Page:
How we spend our money can impact species extinction risk

Even though you may think you’re doing everything right to protect wildlife—planting pollinator gardens or native trees—even a simple sandwich you buy for lunch can add to the biodiversity crisis.

When you pay for a $5 sandwich, for example, some of that money is spent on the flour to make bread that came from the person milling the wheat. Some of it goes to the electricity needed for the sandwich press. Some goes to the shop owner. And some of the raw materials may come from around the world. The use of these raw materials and labor, researchers found, can add to extinction risk of many species.

Researchers figured this out by using a method that has been successful in calculating carbon footprints. When Amanda Irwin decided to switch careers after 25 years of working at Procter & Gamble, studying how what we buy contributes to biodiversity loss was the perfect fit. “I decided to go back to university in the area of sustainability,” said Irwin, a PhD student at the University of Sydney. “I wanted to build out my knowledge on something I was passionate about.”

Irwin led a study published in Scientific Reports looking at how, on a global scale, what we buy may impact species’ extinction risk. To do so, she tapped into input-output methodology introduced back in the 1930s to track money as it goes through the economy. “Society does a very good job of tracking where your money goes,” she said.

Using the International Union for Conservation of Nature’s Red List to quantify extinction risk, Irwin and her colleagues logged 118 different threat classes for more than 5,000 mammals, birds and amphibians in 188 countries. Then, they looked at how human consumption may be linked to these extinction risks.

Researchers find the U.S. drives 24% of the extinction risk footprint of the Nombre de Dios streamside frog, a critically endangered frog found in Honduras. Credit: Joe Townsend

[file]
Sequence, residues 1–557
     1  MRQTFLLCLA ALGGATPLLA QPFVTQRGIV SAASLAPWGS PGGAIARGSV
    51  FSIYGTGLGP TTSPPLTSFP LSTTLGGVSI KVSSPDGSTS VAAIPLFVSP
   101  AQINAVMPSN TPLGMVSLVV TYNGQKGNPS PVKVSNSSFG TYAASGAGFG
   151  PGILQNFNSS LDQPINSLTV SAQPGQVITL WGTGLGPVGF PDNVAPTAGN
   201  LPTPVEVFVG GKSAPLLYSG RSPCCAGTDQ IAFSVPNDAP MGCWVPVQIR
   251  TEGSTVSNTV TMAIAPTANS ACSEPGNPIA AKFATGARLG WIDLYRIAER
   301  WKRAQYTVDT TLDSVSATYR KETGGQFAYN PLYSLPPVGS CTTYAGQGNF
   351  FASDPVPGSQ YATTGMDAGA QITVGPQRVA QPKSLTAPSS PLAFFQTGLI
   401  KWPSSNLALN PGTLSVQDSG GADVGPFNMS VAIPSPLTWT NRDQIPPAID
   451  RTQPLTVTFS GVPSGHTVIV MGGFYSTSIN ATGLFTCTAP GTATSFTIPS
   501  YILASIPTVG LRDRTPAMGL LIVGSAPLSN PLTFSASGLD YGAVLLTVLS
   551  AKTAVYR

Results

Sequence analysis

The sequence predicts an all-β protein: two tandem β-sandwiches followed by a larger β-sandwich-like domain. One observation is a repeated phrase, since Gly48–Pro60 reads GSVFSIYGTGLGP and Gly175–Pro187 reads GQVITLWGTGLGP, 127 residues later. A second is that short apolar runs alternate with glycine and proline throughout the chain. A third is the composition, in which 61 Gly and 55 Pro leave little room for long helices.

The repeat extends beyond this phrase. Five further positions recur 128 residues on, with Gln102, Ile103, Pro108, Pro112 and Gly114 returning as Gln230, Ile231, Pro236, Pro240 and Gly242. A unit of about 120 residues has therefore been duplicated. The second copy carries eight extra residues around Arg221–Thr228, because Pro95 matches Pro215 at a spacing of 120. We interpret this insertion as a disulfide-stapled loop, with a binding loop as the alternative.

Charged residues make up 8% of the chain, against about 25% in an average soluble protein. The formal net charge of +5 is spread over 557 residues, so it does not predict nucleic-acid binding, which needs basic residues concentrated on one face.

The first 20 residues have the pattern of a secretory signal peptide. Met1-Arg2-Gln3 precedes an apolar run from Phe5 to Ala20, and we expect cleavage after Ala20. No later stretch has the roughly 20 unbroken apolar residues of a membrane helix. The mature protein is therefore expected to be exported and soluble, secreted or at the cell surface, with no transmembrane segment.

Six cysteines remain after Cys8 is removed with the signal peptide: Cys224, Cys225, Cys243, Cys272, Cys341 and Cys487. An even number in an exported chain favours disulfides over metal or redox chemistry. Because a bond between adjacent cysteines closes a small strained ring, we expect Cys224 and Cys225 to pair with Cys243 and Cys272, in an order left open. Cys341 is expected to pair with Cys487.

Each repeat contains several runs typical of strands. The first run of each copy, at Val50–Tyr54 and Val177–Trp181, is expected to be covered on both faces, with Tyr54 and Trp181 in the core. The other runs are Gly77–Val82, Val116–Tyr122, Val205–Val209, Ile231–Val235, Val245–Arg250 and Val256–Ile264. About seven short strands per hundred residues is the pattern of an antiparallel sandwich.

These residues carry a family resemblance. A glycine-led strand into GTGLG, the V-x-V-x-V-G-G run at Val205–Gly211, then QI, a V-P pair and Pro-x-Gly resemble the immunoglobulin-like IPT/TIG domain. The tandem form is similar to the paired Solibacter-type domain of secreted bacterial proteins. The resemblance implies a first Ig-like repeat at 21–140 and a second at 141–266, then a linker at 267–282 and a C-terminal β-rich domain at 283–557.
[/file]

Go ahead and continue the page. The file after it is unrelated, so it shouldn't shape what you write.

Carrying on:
They found that consumption in Europe, North America and East Asia was primarily driving extinction risk in other countries, for species like the Nombre de Dios Streamside frog (Craugastor fecundus) in Honduras and the Malagasy giant jumping rat (Hypogeomys antimena) in Madagascar. The U.S., for example, is responsible for 3% of the extinction risk footprint of the Nombre de Dios Streamside frog from consuming tobacco, coffee and tea in areas used by the frog. For the Malagasy giant jumping rat, 11% of its extinction risk footprint comes from European food and beverage products using ingredients from its range.

Food and beverage consumption had the largest impact on species extinction risk followed by agriculture and then construction. In many places, like Madagascar, the extinction risk footprint was high but most of the consumption driving this footprint occurred outside of the country.

Irwin said she hopes this research is used to inform the upcoming Conference of the Parties to the Convention on Biological Diversity, known as COP-15, planned to take place later this year in China. “International agreements can be developed to determine how much financing is available to support conservation activities in developing countries,” Irwin said. “Our research provides new information on the connection between the locations of consumption and the location of direct impacts on species which can help inform the flow of that financing.”


Header Image: The Malagasy giant jumping rat’s extinction risk is increased by consumers in other countries. Credit: Josh More